The company has seen its Magners sales halve since 2006 but now they’re inching upwards again, vital for C&C as Magners’ premium margins through the on-trade contribute significantly to its profits.
C&C switched Magners from Euro RSCG to The Red Brick Road last year and CEO John Dunsmore says his instructions to the agency were to avoid the danger of “fuelling the category rather than the brand.” Euro RSCG’s ads featured a horde of cider-drinking bright young things with a syrupy Ian McShane voiceover. The Red Brick Road has gone for dollops of understated Irish whimsy.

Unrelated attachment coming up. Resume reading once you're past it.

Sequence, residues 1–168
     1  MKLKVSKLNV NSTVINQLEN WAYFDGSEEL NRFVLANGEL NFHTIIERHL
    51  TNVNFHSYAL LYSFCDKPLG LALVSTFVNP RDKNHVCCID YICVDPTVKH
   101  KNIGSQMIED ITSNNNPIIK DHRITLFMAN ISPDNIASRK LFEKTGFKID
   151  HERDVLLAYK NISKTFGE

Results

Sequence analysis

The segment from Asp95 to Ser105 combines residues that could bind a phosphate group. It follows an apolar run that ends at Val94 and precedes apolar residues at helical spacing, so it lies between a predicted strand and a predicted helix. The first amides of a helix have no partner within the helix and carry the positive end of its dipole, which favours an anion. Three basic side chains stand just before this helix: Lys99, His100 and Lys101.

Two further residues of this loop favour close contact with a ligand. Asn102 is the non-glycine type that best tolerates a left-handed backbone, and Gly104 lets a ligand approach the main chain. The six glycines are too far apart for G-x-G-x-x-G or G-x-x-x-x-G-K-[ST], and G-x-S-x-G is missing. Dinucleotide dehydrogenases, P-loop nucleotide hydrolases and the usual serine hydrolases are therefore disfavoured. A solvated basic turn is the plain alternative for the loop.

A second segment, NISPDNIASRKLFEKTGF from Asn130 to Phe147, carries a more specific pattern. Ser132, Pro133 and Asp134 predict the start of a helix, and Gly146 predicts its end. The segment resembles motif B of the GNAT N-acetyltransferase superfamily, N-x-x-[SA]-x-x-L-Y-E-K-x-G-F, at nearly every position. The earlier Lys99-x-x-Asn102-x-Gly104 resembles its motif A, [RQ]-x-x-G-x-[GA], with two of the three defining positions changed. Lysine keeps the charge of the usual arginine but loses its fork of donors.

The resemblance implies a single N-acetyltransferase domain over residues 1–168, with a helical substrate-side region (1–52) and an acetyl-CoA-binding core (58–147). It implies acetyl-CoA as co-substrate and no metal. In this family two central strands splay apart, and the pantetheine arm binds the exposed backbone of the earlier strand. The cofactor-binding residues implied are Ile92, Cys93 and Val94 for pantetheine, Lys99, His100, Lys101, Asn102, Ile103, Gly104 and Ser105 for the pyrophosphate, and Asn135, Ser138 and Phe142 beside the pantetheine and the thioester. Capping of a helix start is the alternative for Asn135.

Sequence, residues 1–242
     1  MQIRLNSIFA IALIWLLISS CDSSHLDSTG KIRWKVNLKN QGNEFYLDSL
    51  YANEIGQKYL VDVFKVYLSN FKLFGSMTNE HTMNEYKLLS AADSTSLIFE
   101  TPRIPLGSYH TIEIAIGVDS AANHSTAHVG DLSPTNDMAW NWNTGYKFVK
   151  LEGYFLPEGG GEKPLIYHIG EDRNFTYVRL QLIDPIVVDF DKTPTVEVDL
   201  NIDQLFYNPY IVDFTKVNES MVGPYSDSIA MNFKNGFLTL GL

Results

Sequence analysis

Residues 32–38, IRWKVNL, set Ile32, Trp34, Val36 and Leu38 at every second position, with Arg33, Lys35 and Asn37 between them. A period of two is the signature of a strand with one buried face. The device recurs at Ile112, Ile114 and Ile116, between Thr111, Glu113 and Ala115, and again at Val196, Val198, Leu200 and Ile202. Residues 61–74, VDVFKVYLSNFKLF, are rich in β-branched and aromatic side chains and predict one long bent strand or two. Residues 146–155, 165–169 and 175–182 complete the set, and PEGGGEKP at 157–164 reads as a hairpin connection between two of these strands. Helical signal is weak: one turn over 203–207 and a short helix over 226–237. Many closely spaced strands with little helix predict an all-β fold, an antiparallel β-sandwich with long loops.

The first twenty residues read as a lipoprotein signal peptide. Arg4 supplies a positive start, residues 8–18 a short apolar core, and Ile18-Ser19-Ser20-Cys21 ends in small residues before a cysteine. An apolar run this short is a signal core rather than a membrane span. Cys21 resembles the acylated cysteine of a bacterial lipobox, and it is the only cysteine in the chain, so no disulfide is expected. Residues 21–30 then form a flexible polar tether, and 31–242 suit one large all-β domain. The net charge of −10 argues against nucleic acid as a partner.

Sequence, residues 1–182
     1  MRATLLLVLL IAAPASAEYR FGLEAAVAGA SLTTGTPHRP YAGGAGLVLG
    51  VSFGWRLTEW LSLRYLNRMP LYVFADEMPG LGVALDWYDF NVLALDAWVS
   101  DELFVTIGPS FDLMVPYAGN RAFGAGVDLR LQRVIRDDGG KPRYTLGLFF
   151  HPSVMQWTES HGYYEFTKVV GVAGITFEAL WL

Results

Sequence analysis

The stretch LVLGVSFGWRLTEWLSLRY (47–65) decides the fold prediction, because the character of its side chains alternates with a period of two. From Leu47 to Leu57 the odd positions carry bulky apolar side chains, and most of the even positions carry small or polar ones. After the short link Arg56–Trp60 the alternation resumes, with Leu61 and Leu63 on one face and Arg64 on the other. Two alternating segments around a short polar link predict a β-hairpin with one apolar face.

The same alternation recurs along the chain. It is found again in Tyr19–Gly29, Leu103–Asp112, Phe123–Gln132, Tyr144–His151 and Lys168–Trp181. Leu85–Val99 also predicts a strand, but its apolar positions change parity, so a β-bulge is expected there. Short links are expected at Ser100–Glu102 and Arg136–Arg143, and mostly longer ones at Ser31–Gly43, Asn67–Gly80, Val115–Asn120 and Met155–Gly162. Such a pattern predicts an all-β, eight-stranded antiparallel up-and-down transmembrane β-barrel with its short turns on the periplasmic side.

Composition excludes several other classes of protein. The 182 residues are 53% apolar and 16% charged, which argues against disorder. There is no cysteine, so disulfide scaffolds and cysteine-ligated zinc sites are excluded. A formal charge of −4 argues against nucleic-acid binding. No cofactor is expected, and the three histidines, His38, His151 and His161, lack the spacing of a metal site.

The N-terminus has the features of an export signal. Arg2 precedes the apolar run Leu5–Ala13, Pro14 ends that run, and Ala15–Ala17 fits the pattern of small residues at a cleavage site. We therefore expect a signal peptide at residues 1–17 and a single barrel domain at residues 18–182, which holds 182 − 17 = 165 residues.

Dunsmore says this campaign, on which it spent around £10m, has led to a “hockey stick turnaround,” a phrase that evidently owes something to the sage of Farm Street, WPP’s Sir Martin Sorrell, who famously once referred to a “bath-shaped” recovery from recession. I think Dunsmore means sales stabilised and then started to recover.
C&C’s road back to growth was also helped by selling the William Grant whisky business and buying Gaymers, which owns Dry Blackthorn and Olde English cider, taking its share of the UK cider market from ten to 25 per cent. The company also bought Scottish beer brand Tennent’s Lager.
As for The Red Brick Road it needed a big winner after its top team, led by Sir Frank Lowe, split from Lowe Group with the Tesco business four years ago. Lowe has now retired but throughout his career he has overseen some vintage examples of understated English humour (not least for Tesco) and now his former agency has scored with an Oirish version.